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Reproduced courtesy of Lynne Norton

AUSN to Barrier Reef Islands and Queensland ports

Date: 1938
Image: 987 x 636 mm
Overall: 1020 x 658 mm, 0.05 kg
Sheet: 1020 x 658 mm
Medium: Ink on paper
Credit Line: ANMM Collection
Object Copyright: © Lynne Norton
Classification:Posters and postcards
Object Name: Poster
Object No: 00027981
Place Manufactured:Australia

User Terms

    This poster advertising the Australasian United Steam Navigation Co service to Queensland was designed by Frank Norton. From the beginning of the 20th century, shipping posters highlighted the delights of steamship travel. A ship, either the ORMISTON or ORUNGAL, is anchored close to a tropical island at night. Lights blaze from the steamship's windows as passengers descend accommodation ladders to waiting small motor boats.

    SignificanceThe poster is representative of the early 20th century illustrative style of shipping poster incorporating a ship portrait with details of a port en route. This style gradually disappeared by the late 1940s, to be replaced by more conceptual designs.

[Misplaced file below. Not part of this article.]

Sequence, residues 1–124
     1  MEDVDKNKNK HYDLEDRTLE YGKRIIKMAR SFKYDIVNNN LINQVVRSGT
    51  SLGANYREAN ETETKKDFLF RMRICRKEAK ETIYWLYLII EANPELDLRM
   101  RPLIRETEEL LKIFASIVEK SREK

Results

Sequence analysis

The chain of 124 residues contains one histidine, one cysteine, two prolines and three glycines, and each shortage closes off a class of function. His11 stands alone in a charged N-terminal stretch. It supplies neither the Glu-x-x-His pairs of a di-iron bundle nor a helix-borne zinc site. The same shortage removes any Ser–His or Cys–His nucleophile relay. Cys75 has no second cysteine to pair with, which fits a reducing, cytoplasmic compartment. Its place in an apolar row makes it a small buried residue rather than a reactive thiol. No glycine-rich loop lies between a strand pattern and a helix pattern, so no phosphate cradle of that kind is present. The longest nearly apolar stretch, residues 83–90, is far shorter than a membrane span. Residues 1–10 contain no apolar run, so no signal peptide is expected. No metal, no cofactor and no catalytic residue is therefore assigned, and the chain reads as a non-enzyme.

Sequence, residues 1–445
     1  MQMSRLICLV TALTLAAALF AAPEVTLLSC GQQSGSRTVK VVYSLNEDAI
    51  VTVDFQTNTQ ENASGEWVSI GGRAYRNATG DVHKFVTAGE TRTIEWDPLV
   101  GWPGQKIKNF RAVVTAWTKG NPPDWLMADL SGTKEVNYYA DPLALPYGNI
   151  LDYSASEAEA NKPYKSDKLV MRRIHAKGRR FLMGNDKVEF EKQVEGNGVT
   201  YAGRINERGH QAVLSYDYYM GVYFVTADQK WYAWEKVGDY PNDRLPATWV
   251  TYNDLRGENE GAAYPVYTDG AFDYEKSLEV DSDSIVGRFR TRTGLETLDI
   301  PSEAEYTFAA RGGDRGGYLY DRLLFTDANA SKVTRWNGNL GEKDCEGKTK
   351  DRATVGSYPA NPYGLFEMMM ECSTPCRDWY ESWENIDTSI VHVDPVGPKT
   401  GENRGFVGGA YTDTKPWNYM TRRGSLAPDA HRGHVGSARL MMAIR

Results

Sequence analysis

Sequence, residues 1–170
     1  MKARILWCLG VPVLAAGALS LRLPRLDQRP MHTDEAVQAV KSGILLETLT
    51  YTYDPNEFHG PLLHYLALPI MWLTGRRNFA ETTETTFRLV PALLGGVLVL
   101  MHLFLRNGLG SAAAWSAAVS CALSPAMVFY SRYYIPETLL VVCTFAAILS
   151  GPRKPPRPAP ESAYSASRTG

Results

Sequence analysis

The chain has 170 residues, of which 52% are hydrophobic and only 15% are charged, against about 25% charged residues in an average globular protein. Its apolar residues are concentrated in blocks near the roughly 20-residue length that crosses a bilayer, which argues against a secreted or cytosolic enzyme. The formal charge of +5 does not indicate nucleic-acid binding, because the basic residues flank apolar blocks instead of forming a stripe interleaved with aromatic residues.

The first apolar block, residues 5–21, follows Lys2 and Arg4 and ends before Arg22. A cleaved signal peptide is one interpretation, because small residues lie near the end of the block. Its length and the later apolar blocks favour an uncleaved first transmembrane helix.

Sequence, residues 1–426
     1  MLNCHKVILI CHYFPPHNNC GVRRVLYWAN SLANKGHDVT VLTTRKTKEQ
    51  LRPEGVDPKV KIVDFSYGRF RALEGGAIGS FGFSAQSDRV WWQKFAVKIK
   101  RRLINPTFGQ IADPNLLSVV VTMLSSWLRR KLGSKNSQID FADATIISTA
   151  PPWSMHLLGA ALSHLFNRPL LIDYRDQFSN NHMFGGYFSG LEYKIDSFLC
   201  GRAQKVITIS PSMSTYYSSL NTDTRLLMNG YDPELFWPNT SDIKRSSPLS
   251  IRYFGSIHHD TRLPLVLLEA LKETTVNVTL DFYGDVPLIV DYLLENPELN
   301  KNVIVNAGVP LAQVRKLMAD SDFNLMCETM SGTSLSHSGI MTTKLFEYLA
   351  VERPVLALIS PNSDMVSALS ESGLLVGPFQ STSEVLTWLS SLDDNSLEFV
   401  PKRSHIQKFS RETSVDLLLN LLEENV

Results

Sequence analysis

HistoryThe Australasian United Steam Navigation Company (AUSN) was established in 1887 and acquired other competing companies, such as the Australasian Steam Navigation Company. In 1927 AUSN chartered the ORMISTON and ORUNGAL for the coastal freight and passenger service between Cairns and Melbourne. They were refurbished to accommodate 240 passengers in a single class.

    In November 1940, ORUNGAL was transporting passengers and cargo from Sydney to Adelaide and hit a reef and sunk near Barwon Heads. ORMISTON was used for a variety of coastal services after the outbreak of the Second World War and was torpedoed off the north coast of NSW in May 1943, but managed to reach Coffs Harbour. After being repaired she was used as a troop transport for the remainder of the war. Due to a dearth of passenger ships post-war, ORMISTON serviced the Sydney to Hobart route until 1947. Up until 1955, ORMISTON traded along the east coast of Australia and was then sold to a Greek company and was broken up in Italy in 1957.

    During the 20th century, the chairman of P&O also held extensive interest in Australasian United Steam Navigation, and the company became connected to P&O in 1946. AUSN from thereafter focused on cargo transportation between Australia and the Far East and continued to operate until 1975 when their last two ships were sold.

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